neighborhood safe and healthy and to connect them to high-quality services.
These initiatives share a few common characteristics. They concentrate
resources in a specific geography; combine physical revitalization with the
provision of services (e.g., health, education, and job training programs);
leverage existing institutions, networks, and capital; and engage local leaders
and residents. However, they have a mixed track record on whether and how much
current residents benefit from such redevelopment. To address these and other
limitations, more place-based initiatives are starting to marry physical
revitalization with intentional efforts to build civic infrastructure. Civic
infrastructure incorporates a broad view of community assets and therefore
seeks to improve physical and civic assets as well as the processes, practices,
and interactions those assets enable. By strengthening civic infrastructure,
revitalizing physical assets can help create equitable outcomes for residents
and increase community benefits. [Note: contains copyrighted
[PDF format, 42 pages].
Public Housing Work Requirements: Case Study on the Chicago Housing Authority. Urban Institute. Diane K. Levy et al. April 16, 2019
This report presents a case study of the Chicago Housing
Authority’s (CHA’s) work requirement policy, one of a small number of work
requirements implemented by housing authorities. The report describes the CHA
work requirement, the policy’s implementation and how it has changed, and
perceptions of implementation and outcomes from key CHA and service provider
staff and residents. The CHA work requirement has been in place for nearly 10
years, allowing us to analyze implementation over time and outcomes. [Note: contains copyrighted material].
[PDF format, 37 pages].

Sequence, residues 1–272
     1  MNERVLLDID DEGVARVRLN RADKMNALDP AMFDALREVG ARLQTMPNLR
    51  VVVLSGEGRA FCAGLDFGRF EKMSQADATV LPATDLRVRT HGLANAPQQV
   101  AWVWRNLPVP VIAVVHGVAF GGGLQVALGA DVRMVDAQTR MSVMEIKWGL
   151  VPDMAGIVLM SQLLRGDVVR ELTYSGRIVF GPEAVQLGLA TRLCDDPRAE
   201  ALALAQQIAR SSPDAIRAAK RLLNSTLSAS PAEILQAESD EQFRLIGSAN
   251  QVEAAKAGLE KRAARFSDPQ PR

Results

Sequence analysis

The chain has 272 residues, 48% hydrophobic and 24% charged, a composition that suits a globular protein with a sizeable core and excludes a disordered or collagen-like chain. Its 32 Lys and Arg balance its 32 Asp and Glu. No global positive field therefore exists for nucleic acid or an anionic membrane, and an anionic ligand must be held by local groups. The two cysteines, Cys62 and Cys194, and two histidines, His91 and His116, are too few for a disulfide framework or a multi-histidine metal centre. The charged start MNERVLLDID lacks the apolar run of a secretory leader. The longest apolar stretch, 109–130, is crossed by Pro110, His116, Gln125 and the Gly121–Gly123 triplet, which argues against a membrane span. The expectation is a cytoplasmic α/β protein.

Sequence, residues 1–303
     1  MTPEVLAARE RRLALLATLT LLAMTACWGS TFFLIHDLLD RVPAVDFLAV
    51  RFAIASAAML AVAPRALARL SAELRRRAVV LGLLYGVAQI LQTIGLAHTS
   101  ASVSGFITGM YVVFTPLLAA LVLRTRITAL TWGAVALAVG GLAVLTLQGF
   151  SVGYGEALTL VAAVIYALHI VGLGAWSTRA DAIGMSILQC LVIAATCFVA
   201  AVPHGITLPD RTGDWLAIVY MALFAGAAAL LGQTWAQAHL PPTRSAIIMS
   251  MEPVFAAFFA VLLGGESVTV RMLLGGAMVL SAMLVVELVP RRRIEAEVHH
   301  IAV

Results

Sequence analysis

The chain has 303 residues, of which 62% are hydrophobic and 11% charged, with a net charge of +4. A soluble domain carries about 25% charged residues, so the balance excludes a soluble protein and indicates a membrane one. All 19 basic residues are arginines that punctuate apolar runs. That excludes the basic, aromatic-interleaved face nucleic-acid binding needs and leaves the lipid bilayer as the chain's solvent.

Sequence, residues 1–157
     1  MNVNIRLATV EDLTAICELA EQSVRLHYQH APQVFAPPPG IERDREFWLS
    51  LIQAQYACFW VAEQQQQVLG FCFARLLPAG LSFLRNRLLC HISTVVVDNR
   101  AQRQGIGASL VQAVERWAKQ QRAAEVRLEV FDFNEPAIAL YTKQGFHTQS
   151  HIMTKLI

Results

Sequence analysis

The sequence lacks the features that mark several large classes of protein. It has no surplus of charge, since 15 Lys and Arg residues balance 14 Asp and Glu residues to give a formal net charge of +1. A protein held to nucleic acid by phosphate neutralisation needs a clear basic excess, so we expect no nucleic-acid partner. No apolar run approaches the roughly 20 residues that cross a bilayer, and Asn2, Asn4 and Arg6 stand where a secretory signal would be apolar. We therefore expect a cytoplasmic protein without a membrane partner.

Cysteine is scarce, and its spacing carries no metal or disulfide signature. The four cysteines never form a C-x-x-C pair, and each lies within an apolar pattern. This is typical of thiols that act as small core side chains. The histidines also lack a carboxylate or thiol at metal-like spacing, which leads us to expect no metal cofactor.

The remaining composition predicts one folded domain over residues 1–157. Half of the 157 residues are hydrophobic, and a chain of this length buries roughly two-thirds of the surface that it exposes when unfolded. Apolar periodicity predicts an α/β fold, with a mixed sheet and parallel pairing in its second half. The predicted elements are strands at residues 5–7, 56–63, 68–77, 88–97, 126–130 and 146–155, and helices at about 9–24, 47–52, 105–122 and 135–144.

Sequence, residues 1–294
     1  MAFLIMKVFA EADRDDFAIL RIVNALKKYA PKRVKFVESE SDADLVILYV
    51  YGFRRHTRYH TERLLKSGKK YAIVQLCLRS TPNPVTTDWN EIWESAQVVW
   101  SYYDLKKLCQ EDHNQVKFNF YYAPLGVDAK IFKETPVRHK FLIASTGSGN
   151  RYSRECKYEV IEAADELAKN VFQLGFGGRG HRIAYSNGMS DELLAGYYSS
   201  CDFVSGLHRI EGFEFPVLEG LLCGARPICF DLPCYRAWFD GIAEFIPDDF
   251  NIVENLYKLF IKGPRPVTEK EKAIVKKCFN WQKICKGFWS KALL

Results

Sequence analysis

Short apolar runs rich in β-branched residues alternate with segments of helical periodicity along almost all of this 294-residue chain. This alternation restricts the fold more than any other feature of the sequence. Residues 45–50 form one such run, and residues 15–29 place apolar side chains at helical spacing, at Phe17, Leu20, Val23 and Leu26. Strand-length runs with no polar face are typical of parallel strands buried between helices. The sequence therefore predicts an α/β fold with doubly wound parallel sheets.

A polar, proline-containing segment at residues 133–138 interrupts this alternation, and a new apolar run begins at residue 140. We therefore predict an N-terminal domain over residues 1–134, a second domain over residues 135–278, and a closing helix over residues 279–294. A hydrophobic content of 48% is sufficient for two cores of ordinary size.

Innovative Financing Approaches for Affordable Rental Housing in the Chicago Region. Urban Institute. Kathryn Reynolds, Leiha Edmonds, Erika C. Poethig. February 28, 2019
Solving America’s affordable housing crisis will mean increasing production of housing, protecting residents from eviction and foreclosure, and preventing the loss of current affordable housing stock. For households unable to obtain housing benefits, unsubsidized “naturally occurring” rental housing provides the bulk of affordable housing in many markets. In the fall of 2018 Urban Institute conducted a series of interviews with staff from Community Investment Corporation (CIC), a community development financial institution (CDFI) in Chicago, the City of Chicago’s Department of Planning and Development and non-profit firm, Elevate Energy. Based on these interviews, we present several strategies to preserve unsubsidized housing stock that are present as aspects in the CIC programs studied. These are proactive program development, responsiveness to local conditions, pursuit and leveraging of partnerships, and strategic use of federal, state, and local policy levers. [Note: contains copyrighted material].
[PDF format, 38 pages].
Partners or Pirates? Collaboration and Competition in Local Economic Development. Urban Institute. Megan Randall et al. December 20, 2018
In this report, the authors explore how and why local governments have turned to cooperation to boost economic development. They synthesize highlights from the literature, explore program features from two regional case studies, and share findings from interviews with local practitioners. Although research on the effectiveness of current practices is limited, they identify themes that can inform cooperative economic development. [Note: contains copyrighted material].
[PDF format, 67 pages].